To Lend is to Own: A Game Theoretic Analysis of the E-Book Lending Market

Li Chen and Ruth C. King
International Journal of Electronic Commerce,
Volume 21, Number 3, 2016-2017, pp. 334-362.


Digital forms of content have provided online retailers new ways of enhancing other business opportunities. E-book vendors such as Amazon introduced a fourteen-day lending program for its Kindle-linked e-books, banking on the e-book lending program to increase sales to consumers who appreciate the added utility from the new lending options. The benefits of such an e-book lending strategy can become significant as the number of e-book owners reaches a critical mass, creating a network effect. However, the strategy may involve risk because there is also the possibility of cannibalization of retailers’ print book. We investigate, in both monopolistic and duopolistic competition settings, whether and how an online retailer can benefit from introducing an e-book lending program and its effect on their pricing strategy and cannibalization. We also examine whether sequential release of print books and e-books in monopolistic settings will affect retailer’s revenue. Our study finds that in a monopoly setting, the retailer should implement the e-book lending strategy when the condition of network effect is satisfied. Our findings also suggest that retailers can use release time to minimize cannibalization in the case of sequential release. In addition, the e-book lending option benefits the retailer in a duopoly setting only when one retailer offers such a program; otherwise, the better-known retailer benefits more. Theoretical and practical implications for the management of different formats of content in various competition markets to sustain and expand business opportunities are discussed.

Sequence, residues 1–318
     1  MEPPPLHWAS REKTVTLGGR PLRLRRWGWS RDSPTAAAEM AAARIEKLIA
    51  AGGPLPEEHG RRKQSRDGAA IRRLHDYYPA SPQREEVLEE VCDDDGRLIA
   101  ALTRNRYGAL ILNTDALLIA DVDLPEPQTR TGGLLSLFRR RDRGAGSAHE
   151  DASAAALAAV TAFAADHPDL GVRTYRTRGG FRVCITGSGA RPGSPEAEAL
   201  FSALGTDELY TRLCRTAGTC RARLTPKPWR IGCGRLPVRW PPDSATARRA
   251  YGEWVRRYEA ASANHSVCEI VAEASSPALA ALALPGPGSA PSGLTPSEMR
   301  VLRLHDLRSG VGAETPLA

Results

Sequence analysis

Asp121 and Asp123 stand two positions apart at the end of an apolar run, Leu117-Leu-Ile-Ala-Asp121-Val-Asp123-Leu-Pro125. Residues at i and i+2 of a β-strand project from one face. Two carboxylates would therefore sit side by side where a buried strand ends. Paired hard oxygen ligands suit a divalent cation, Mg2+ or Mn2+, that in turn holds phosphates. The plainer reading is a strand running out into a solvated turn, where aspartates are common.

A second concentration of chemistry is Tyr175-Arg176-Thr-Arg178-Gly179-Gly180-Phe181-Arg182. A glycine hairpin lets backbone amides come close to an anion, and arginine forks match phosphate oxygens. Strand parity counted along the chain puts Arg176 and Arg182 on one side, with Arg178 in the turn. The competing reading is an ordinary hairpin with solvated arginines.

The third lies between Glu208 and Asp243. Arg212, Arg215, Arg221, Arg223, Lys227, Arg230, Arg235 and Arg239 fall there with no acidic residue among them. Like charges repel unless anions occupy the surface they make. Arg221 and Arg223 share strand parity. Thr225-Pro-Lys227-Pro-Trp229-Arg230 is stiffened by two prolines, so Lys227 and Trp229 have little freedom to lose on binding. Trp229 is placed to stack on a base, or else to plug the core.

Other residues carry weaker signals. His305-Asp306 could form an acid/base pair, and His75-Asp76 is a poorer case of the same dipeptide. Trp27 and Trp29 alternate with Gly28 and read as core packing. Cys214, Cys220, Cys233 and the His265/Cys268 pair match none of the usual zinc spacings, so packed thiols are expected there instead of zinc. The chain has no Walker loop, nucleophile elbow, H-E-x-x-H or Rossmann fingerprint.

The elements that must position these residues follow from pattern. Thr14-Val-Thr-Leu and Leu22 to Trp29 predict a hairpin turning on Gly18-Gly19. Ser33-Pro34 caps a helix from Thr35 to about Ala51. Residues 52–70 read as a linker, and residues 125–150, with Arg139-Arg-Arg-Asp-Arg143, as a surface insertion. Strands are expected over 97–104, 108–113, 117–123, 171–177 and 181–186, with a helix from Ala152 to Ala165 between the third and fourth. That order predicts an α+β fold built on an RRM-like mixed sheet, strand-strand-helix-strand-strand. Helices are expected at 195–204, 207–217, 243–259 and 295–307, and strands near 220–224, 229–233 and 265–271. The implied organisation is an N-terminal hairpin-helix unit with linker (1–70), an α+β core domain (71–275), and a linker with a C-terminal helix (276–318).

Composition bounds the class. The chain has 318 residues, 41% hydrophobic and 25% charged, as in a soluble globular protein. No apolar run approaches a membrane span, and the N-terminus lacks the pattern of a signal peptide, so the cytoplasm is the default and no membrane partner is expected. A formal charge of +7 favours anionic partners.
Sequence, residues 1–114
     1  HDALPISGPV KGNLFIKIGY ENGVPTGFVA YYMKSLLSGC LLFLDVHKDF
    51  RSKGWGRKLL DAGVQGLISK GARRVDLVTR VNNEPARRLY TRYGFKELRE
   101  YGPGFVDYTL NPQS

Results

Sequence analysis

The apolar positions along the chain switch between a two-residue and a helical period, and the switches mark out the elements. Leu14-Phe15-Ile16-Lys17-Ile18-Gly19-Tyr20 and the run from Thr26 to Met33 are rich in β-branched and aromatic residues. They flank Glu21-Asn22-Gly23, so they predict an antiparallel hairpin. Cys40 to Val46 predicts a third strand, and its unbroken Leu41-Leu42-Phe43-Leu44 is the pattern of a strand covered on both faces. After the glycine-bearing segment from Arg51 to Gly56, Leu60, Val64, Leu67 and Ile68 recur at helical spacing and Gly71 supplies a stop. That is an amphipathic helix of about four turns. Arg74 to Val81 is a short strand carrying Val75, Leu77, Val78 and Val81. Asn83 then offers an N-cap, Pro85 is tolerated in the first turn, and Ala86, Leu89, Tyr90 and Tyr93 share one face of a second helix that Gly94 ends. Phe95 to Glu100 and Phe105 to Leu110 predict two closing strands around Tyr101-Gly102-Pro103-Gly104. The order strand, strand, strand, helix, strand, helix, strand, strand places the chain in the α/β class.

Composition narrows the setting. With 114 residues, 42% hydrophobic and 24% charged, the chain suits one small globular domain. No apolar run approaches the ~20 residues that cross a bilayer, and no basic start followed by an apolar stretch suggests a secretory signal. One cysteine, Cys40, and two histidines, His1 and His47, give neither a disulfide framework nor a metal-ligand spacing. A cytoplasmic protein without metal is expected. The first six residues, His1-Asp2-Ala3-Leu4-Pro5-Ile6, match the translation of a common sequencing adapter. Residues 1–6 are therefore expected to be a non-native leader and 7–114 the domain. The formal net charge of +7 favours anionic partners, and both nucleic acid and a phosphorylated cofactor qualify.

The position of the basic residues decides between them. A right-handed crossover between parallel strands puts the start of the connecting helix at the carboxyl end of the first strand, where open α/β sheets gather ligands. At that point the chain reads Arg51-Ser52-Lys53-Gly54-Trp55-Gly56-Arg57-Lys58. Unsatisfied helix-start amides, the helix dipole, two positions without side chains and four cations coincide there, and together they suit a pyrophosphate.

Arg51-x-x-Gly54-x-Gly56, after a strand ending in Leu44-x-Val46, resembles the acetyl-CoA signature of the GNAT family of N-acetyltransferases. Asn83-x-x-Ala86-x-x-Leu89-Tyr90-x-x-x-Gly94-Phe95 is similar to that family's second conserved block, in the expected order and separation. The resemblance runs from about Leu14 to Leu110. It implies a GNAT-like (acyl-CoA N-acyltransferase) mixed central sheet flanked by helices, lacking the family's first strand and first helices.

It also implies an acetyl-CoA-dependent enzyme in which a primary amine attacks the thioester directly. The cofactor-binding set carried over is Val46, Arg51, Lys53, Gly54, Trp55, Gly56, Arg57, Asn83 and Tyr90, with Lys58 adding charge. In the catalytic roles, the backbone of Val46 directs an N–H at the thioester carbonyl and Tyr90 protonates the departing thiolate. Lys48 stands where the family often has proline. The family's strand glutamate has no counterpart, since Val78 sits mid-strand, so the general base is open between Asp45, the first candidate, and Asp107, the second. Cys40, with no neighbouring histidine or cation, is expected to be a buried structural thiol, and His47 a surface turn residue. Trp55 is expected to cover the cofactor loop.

Key Words and Phrases: Digital content, duopoly competition, e-book lending, electronic books, horizontal differentiation, online lending, online markets, sequential release.